Detect Skin Cancer with Regular Self-Exams

According to the American Academy of Dermatology (AAD), over 3.5 million skin cancers in more than 2 million people are diagnosed in the U. S. every year. Current estimates are that 1 in 5 Americans will develop skin cancer in their lifetime. It is important to screen regularly because if skin cancer is detected early and removed, it has a high cure rate.

There are three different types of skin cancer. The most common types are basal cell and squamous cell carcinoma. The most deadly form of skin cancer is melanoma. Early detection and treatment are very important with all three types.

Your risk for skin cancer increases as you age. According to the AAD, men over 50 are most likely to develop skin cancer. Outdoor workers need to take added precaution because they spend hours in the mid-day sun, which is a major risk factor for developing skin cancer, including melanoma, the deadliest form of skin cancer. CMV Drivers need to take precautions as well. While windshields are treated to block dangerous ultraviolet A (UVA) rays, side and rear windows are generally not treated. Researchers have found that skin exposed to sun shining through window glass over time can lead to significant skin damage. In fact, the majority of skin cancers in the U.S. develop on the right side of people’s bodies and faces (read more about sun hazards in your car at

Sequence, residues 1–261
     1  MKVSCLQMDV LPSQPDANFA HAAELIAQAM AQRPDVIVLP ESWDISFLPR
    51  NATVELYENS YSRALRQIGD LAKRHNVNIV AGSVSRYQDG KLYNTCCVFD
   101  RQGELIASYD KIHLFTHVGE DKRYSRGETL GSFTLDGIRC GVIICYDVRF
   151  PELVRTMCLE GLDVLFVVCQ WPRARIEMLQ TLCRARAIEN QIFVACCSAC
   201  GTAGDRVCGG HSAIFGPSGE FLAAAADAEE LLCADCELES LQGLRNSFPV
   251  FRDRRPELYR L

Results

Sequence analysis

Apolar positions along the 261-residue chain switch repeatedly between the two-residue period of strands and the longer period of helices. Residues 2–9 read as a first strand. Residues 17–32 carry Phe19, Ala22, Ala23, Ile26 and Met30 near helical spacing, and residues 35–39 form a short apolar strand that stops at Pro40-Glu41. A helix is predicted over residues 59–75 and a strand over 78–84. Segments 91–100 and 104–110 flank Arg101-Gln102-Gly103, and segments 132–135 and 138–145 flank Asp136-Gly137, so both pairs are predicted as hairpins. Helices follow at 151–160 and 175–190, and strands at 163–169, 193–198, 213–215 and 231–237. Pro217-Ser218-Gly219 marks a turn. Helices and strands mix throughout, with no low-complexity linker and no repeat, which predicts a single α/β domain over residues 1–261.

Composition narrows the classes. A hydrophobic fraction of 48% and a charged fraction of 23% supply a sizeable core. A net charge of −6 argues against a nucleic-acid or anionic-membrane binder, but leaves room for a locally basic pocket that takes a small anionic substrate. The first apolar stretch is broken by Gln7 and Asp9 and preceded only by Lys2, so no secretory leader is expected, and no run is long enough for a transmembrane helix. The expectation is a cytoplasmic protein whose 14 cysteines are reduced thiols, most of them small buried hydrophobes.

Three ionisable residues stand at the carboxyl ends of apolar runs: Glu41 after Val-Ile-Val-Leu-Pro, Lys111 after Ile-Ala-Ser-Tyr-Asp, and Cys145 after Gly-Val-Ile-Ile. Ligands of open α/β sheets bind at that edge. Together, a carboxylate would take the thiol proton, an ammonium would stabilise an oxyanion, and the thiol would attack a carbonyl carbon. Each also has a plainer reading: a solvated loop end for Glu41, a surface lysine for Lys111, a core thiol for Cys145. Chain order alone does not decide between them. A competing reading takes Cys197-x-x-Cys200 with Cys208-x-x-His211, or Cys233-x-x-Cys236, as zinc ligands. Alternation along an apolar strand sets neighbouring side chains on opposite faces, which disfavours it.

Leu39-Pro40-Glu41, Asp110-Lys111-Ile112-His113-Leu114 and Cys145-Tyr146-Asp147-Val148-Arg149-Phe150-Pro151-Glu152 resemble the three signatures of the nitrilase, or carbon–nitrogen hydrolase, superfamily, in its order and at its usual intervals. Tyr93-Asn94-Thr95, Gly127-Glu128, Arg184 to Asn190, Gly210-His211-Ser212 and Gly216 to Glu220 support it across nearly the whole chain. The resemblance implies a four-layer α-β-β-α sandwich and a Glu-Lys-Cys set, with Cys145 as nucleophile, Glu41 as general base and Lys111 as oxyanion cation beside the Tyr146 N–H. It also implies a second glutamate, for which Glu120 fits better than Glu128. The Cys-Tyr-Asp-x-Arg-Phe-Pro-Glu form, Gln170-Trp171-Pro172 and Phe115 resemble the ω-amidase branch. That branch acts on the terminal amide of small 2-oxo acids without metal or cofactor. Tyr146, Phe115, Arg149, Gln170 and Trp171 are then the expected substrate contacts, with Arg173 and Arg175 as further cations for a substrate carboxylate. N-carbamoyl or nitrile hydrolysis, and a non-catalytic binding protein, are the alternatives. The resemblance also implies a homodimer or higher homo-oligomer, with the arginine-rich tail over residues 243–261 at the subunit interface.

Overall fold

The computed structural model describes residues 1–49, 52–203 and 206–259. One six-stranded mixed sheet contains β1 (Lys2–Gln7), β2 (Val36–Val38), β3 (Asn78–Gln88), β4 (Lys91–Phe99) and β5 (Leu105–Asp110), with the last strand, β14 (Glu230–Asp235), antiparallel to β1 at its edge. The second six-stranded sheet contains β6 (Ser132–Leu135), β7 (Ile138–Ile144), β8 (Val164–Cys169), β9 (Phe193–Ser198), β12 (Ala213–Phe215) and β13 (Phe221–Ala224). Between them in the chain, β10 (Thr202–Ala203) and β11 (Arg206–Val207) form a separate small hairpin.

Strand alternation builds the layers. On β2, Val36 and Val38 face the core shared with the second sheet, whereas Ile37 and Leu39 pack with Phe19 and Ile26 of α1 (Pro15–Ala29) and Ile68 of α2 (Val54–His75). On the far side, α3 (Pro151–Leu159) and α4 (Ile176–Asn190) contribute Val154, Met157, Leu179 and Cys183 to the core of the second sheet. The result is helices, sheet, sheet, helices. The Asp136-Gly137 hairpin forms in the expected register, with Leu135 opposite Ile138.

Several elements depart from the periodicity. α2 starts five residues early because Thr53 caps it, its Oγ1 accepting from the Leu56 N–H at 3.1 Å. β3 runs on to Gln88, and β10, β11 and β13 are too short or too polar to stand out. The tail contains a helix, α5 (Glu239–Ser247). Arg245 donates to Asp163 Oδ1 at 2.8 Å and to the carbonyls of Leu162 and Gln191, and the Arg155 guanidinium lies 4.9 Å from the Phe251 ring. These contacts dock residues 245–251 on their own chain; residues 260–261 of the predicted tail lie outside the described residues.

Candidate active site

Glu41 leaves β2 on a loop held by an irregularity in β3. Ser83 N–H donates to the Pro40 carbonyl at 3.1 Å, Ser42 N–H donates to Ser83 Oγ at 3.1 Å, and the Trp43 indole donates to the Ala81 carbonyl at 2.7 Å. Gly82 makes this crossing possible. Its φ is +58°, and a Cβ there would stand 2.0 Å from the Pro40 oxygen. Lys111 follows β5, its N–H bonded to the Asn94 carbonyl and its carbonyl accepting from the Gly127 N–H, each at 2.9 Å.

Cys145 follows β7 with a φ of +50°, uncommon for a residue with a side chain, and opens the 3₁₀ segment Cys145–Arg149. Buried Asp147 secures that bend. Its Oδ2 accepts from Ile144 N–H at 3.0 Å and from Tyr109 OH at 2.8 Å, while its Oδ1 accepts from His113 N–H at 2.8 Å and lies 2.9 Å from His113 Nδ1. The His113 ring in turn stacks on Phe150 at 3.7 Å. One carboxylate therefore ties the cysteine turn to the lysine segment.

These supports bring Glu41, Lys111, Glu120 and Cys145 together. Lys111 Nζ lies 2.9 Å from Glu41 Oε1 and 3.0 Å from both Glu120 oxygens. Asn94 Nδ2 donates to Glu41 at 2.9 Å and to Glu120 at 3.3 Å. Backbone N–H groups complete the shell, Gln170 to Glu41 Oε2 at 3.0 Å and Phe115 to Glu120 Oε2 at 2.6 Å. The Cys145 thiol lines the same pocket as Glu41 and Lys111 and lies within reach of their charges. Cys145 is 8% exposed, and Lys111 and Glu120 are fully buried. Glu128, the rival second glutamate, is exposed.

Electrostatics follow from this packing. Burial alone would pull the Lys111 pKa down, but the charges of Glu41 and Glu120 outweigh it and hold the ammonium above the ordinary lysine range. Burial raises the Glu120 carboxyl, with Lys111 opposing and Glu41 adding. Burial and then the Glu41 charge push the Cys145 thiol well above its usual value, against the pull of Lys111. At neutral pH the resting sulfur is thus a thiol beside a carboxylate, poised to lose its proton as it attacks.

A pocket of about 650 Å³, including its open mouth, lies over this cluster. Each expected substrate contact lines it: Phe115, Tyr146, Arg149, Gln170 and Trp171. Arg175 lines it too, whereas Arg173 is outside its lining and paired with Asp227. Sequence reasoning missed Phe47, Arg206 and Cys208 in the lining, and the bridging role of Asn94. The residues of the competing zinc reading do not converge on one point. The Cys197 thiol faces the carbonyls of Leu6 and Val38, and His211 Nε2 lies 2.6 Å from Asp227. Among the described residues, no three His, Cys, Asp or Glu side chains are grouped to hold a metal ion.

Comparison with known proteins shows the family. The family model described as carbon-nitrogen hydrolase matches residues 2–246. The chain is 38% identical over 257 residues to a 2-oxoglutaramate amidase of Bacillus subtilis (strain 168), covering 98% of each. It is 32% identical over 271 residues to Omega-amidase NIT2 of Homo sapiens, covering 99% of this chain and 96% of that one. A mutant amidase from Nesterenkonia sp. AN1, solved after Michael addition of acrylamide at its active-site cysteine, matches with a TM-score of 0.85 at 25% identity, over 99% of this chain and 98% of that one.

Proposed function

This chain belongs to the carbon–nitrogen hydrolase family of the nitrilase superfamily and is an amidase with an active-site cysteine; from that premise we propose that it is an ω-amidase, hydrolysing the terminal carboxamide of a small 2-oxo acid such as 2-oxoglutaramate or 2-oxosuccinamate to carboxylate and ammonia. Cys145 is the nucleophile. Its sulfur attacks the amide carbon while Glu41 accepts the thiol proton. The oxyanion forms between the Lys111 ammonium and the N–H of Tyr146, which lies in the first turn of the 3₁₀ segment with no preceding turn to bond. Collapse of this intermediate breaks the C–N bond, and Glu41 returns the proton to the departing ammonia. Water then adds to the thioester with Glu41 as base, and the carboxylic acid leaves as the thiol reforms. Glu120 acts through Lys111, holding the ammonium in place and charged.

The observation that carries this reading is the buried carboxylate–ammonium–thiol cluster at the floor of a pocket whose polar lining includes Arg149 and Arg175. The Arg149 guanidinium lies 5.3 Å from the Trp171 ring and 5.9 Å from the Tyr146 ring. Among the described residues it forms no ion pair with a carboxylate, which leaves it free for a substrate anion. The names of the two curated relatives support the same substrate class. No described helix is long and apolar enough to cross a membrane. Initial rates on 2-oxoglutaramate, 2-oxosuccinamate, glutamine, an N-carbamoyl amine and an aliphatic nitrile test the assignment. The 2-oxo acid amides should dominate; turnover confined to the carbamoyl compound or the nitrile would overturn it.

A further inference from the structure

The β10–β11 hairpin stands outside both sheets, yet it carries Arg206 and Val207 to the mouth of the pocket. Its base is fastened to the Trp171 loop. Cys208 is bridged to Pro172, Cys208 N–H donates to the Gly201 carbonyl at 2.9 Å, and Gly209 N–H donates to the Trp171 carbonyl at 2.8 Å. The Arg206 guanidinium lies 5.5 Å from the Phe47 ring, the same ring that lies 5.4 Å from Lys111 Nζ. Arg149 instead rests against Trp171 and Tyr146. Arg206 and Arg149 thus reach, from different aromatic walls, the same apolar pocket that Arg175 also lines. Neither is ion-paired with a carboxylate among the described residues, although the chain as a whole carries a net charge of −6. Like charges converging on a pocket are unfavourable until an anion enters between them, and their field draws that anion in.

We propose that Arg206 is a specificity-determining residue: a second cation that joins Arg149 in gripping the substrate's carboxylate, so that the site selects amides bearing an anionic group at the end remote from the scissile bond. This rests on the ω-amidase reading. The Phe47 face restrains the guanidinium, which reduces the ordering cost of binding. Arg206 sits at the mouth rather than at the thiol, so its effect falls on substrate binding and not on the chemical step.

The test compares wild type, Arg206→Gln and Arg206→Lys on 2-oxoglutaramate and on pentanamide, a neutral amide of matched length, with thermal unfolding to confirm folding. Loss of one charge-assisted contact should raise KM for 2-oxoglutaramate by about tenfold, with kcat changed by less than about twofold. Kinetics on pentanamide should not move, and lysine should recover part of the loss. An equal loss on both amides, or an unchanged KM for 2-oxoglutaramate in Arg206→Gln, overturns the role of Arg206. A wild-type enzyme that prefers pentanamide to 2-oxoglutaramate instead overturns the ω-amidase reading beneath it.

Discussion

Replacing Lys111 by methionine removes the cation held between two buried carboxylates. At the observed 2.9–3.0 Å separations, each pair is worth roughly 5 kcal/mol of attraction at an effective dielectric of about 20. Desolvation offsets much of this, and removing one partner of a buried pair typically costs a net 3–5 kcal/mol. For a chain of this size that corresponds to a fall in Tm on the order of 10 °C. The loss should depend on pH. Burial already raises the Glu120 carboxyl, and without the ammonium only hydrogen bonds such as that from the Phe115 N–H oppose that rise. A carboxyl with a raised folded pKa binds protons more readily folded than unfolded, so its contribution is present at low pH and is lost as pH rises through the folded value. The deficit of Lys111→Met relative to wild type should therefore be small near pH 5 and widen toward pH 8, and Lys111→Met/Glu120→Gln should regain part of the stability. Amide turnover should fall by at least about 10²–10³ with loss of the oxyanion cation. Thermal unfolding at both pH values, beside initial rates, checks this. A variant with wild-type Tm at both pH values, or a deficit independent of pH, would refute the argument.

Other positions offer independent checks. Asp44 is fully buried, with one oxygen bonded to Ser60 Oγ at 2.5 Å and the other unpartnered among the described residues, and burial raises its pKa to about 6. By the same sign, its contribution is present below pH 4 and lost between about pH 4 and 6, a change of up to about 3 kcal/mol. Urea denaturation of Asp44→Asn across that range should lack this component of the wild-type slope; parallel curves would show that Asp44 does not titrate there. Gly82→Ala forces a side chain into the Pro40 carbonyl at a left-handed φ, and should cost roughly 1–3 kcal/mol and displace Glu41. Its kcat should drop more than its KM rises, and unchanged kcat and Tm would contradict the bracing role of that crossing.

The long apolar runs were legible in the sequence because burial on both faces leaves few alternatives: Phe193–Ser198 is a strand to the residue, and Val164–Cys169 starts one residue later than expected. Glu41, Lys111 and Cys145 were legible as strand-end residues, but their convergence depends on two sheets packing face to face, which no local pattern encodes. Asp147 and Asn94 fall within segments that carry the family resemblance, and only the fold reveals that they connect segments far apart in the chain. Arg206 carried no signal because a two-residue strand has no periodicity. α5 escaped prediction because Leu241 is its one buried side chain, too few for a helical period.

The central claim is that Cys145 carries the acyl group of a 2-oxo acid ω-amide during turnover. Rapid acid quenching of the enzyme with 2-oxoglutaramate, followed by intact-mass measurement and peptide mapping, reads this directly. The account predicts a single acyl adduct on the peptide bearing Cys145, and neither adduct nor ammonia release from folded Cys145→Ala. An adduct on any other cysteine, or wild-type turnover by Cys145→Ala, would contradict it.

Source: American Academy of Dermatology

Screen Regularly for Skin Cancer

Free skin cancer screenings are offered across the country and throughout the year by the AAD. During a screening, a dermatologist visually examines your skin. The screening is conducted in a matter of minutes – and does not require a blood test or any other medical test. To find a free skin cancer screening near you, visit or call 888-462-DERM (3376).

The best way to detect skin cancer early, when it is most treatable, is to perform a skin self-exam on a regular basis. Research shows that involving a partner in a skin self-examination makes it more likely that self screening will be performed and can improve the early detection of skin cancer which could lead to a better outcome. Visit the AAD’s Detect Skin Cancer resource for more information about self-examinations. From there, you can download the AAD’s body mole map to document your self-examination, review the How to SPOT Skin Cancer™ infographic,  and learn what to look for when checking your spots.

The AAD also provides a number of videos, like the one included below that will teach you learn how to check your skin for the signs of skin cancer and learn how to protect your skin from the sun’s damaging ultraviolet rays.

Source: American Academy of Dermatologists

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